Bullous pemphigoid

Bullous pemphigoid is a skin disorder characterized by large blisters.

Causes, incidence, and risk factors
The blisters of bullous pemphigoid usually appear on the areas of the body that flex or move (flexural areas). About one-third of persons with bullous pemphigoid also develop blisters in the mouth. The disorder may occur in various forms, from no symptoms, to mild redness and irritation, to multiple blisters. The cause is not known, but may be related to immune system disorders.

Bullous pemphigoid typically occurs in elderly persons and is rare in young people. It is characterized by a pattern of exacerbations and remissions. In most patients, the disease spontaneously clears within 6 years.


  • bullae (large blisters, thin walled sacs filled with clear fluid, greater than 1 cm. diameter)       o multiple       o usually located on the arms, legs, or trunk       o may also occur in the mouth       o may weep, crust over       o may appear deep below the surface of the skin       o may erode the skin, form ulcers or open sores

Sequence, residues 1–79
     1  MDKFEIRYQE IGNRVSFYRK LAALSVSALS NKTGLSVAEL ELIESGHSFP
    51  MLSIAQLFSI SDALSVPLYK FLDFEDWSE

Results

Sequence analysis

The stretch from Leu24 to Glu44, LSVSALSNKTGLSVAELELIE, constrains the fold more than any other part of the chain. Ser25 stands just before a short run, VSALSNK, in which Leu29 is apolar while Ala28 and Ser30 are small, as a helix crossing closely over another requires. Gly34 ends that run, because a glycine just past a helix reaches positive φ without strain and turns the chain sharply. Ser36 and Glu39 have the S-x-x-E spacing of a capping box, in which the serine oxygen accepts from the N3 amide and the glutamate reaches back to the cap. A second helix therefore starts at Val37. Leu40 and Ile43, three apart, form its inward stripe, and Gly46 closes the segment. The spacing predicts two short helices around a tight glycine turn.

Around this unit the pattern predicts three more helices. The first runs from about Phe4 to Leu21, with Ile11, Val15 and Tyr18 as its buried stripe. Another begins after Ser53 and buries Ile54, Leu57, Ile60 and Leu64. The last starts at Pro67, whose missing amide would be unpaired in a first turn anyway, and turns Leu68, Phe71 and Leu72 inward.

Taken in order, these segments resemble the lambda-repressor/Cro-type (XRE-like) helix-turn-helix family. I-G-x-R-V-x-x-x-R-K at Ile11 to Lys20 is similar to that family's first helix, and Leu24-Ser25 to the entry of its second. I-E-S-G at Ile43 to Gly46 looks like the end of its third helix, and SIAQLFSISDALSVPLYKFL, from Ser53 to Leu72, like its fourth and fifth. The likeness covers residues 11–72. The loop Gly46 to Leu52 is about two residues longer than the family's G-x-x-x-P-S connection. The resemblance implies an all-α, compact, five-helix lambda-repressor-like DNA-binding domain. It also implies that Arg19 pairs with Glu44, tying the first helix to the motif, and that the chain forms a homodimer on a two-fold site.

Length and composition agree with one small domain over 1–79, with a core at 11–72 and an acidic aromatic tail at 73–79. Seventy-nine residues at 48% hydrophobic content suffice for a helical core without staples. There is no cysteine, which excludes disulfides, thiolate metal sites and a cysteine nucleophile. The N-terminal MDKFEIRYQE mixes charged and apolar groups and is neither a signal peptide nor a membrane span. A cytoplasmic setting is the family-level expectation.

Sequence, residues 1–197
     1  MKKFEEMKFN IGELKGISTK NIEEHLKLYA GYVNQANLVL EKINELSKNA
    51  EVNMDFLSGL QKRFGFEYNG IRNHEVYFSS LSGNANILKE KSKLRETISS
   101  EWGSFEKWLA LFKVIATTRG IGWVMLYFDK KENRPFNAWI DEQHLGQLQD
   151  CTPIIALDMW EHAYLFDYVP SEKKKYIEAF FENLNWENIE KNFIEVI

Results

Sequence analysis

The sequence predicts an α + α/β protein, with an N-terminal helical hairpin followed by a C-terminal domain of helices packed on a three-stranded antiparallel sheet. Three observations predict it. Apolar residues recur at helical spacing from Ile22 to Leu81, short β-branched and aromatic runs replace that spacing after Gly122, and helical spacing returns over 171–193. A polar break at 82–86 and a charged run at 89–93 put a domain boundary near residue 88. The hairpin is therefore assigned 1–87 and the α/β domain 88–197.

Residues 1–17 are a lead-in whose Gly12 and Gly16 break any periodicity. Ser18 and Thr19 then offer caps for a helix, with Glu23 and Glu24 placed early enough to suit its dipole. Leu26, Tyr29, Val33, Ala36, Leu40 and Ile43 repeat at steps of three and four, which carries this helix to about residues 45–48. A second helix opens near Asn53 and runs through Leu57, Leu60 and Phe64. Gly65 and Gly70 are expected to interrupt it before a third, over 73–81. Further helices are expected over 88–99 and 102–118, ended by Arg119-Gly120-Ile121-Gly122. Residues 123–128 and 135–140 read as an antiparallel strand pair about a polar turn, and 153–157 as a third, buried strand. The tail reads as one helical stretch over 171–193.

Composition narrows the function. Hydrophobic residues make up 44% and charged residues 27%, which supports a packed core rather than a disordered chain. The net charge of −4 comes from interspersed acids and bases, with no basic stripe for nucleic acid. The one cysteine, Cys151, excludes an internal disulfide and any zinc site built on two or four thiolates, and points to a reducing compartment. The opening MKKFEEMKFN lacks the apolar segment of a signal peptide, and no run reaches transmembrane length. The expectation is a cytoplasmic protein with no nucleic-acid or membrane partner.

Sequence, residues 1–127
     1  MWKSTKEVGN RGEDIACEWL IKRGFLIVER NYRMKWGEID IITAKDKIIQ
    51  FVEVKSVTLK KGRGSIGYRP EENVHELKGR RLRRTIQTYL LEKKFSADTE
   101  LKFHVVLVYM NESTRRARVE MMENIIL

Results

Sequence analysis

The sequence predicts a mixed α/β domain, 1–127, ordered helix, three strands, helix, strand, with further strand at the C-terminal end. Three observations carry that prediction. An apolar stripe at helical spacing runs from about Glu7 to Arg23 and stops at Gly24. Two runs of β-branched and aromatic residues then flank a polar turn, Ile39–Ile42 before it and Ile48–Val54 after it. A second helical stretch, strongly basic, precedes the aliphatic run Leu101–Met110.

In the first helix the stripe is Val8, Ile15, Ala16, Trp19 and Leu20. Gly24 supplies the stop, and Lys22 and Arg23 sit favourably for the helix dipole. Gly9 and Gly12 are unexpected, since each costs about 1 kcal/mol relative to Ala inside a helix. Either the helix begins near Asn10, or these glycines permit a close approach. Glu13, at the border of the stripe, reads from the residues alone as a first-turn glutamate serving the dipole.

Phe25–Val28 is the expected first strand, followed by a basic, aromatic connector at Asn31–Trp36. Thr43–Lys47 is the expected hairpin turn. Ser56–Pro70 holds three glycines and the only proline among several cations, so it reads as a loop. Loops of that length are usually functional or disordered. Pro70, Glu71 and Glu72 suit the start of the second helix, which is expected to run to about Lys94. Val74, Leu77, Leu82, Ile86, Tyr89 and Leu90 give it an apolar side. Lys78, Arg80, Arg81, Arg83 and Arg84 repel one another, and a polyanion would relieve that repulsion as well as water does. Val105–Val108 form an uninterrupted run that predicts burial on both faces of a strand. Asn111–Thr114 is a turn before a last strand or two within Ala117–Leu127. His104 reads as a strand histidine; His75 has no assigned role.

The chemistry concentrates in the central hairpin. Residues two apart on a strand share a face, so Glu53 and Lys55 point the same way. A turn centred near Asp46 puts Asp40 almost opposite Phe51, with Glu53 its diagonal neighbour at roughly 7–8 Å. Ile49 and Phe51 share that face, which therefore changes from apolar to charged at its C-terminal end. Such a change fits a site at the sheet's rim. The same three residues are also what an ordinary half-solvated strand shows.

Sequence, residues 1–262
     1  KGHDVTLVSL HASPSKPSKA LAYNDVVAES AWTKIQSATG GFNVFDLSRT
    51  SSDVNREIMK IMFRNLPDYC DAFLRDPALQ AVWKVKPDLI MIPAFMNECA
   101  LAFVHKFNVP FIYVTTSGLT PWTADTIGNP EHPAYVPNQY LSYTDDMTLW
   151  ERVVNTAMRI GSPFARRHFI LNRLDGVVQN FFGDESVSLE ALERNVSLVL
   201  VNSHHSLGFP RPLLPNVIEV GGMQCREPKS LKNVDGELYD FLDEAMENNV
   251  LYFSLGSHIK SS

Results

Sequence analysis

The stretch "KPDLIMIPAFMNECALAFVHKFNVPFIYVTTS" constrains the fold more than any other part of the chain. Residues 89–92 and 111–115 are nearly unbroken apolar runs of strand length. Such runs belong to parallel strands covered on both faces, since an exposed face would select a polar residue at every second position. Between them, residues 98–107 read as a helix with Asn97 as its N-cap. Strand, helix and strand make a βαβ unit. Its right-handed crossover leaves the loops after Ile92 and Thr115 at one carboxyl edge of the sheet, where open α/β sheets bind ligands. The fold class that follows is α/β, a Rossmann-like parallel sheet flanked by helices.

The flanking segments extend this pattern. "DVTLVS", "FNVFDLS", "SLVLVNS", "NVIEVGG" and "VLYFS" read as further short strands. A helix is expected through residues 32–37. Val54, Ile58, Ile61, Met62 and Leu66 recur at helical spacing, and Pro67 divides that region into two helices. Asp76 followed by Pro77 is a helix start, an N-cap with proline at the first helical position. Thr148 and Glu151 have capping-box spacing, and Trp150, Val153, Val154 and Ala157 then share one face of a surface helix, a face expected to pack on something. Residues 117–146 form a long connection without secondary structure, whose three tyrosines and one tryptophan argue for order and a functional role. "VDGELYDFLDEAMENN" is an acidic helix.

• itching  
  • rashes  
  • mouth sores  
  • bleeding gums

Signs and tests
A skin lesion biopsy shows a characteristic blistering pattern. A special type of skin biopsy may also be performed and examined by direct immunofluorescence. Some physicians may additionally order blood tests to help confirm the diagnosis.

Treatment is focused on relief of symptoms and prevention of infection.

Corticosteroids are the treatment of choice. They are given by mouth or by injection. Topical (applied to a localized area of the skin) corticosteroids may also be used on early, localized lesions.

Other medications may include chemotherapy or immunosuppressive medications such as methotrexate, azathioprine, mycophenolate, or cyclophosphamide. Antibiotics in the tetracycline family may be useful in mild cases. Niacin (a B complex vitamin) is sometimes given along with tetracycline.

Expectations (prognosis)
Bullous pemphigoid usually responds well to treatment. In most patients, all medications may be stopped after several years. In a small group, however, the disease will recur after treatment is stopped.

Infection of the skin lesions is the most common complication.

Calling your health care provider

Call your physician if you notice unexplained blisters on your skin, or, an itchy rash persists despite home treatment.

Johns Hopkins patient information

Last revised: December 4, 2012
by Janet G. Derge, M.D.

Medical Encyclopedia

  A | B | C | D | E | F | G | H | I | J | K | L | M | N | O | P | Q | R | S | T | U | V | W | X | Y | Z | 0-9

All ArmMed Media material is provided for information only and is neither advice nor a substitute for proper medical care. Consult a qualified healthcare professional who understands your particular history for individual concerns.